The profile of Jim Beam Black fits that of Evan Williams Single Barrel, but half the price. I have to say I don’t know how a more recent “Black” will perform, but this 2004 bottling performs just nicely. Compared to Binny’s Buffalo Trace, the “Black” has way more honey, and seems soapier, which is something I haven’t picked up on, trying it by itself. The Buffalo Trace is more strict and in a way more fruity and even better balanced. I guess now it becomes a comparison of yeast strains. Jim being more floral and the Buffalo being more fruity.

Points: 80

Borgoe 8yo “Grand Reserve” (40%, Suriname)

Borgoe is one of a few (Rum) brands of Suriname Alcoholic Beverages (SAB for short). Other Rum’s made by SAB are Mariënburg and Black Cat. Both are White Rums. SAB is foremost a producer of Rum, but also some Vodka is made. Besides this, SAB also functions as an importer of several foreign “alcoholic beverages”. SAB was founded in 1966, but its predecessor was founded in 1882 as the “Suikeronderneming Mariënburg” and today is one of the most succesful enterprises of the country. To commemorate its 40th year of existence, the 8yo Borgoe was released in 2006. Borgoe 8yo has fully aged in American oak barrels straight from Kentucky.

Borgoe 8yo Grand Reserve (40%, OB, Suriname)Color: Orange gold.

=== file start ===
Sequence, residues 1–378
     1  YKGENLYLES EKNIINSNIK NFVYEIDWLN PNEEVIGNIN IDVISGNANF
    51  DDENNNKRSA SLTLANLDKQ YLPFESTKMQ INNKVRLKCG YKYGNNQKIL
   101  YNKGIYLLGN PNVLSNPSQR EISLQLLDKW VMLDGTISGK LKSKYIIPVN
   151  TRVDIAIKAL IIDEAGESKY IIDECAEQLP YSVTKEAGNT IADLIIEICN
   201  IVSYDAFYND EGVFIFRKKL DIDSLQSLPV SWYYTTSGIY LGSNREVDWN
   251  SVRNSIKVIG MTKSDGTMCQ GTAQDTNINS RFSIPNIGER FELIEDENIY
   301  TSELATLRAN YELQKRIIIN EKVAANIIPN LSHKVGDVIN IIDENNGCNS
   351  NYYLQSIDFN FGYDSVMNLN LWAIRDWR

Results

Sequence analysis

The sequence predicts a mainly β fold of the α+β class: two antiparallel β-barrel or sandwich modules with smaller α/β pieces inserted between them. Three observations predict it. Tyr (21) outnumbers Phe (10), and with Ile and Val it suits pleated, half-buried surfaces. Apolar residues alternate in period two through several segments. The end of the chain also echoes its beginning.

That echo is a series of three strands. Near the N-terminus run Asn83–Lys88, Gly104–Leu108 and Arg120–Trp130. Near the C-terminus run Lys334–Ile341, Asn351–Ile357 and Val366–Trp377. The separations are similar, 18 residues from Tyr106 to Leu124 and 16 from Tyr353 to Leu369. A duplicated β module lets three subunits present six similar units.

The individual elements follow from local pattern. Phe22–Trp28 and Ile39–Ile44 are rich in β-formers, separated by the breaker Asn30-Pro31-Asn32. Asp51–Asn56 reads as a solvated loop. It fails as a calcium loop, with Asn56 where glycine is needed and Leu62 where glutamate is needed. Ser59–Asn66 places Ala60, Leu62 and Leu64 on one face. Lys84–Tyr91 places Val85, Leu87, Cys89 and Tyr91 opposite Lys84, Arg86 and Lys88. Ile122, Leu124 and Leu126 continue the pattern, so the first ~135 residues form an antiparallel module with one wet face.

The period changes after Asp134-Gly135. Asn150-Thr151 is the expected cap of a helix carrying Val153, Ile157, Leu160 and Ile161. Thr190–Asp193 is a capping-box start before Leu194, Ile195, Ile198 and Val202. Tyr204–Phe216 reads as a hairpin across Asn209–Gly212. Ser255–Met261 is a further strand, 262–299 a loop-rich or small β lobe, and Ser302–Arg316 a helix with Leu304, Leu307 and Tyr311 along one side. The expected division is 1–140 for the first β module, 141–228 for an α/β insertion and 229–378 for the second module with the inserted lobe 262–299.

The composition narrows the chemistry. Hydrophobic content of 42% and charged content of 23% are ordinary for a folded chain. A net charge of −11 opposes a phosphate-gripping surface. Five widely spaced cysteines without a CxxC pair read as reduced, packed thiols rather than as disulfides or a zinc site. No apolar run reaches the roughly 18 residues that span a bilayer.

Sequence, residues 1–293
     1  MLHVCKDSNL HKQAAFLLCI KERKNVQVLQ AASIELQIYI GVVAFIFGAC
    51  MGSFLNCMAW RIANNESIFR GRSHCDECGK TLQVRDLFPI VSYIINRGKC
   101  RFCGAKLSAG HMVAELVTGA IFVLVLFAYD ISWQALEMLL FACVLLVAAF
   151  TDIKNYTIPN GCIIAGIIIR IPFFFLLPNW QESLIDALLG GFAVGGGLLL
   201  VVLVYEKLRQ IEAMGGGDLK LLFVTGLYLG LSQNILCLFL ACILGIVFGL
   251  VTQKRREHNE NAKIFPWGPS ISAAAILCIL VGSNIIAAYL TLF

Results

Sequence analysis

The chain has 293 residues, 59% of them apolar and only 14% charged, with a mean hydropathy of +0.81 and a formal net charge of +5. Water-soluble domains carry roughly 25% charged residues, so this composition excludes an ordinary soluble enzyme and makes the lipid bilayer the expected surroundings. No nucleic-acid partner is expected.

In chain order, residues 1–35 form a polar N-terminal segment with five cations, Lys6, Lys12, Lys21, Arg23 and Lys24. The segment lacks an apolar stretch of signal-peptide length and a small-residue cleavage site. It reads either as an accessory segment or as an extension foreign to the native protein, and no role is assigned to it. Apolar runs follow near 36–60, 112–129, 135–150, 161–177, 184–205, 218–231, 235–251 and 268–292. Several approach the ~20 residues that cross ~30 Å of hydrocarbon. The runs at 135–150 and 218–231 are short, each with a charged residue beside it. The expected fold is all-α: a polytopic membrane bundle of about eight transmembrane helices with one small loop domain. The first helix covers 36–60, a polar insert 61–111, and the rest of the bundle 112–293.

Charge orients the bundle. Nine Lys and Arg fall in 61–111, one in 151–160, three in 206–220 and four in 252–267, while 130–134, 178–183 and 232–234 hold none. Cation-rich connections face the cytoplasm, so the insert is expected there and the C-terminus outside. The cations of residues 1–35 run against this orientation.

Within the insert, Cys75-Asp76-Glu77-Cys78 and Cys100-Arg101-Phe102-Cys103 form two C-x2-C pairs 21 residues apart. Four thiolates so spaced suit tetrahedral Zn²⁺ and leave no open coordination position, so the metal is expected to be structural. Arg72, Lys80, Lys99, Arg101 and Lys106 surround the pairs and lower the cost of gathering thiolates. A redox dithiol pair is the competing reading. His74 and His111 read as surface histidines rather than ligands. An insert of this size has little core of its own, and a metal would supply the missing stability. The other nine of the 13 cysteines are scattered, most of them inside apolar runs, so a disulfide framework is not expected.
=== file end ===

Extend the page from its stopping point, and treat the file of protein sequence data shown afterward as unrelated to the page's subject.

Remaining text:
Nose: Nicely sugared, hints of fruit and full on aroma, that leaps out of my glass. Lively and leathery. Sunny and happy, this want to be drunk (pun intended). Heavy fruit syrup and elegant wood. The heavy nose is not always sweet, It has its dry spells. After a while, the wood starts to play a bigger role, but foremost a sort of vanilla powder, locked into the woody backbone is present. Wet warm cotton with a meaty twist to it. Powdered coffee creamer. Sometimes the heavy aroma retreats and it allows some notes of black tea and licorice to escape from the glass. When this happens, the fruit takes a back-seat as well and a more floral note appears, honeysuckle, so not typically flowery-floral. Sawdust, new wood, not particularly an oak aroma though, and a tiny hint of ashes. Even though I used many words up ’till now to describe the nose, I wouldn’t say it’s as complex as it seems. Medium complexity it is then, but, there is evolution in the nose. The sweetness retreats even more, the “wood”, played its part and now a more plant-like aroma emerges. Dried and fresh. It’s a more overall feel, so hard to pin anything down, although lavas seems to be one of them, as well as italian laurel (licorice). Funky.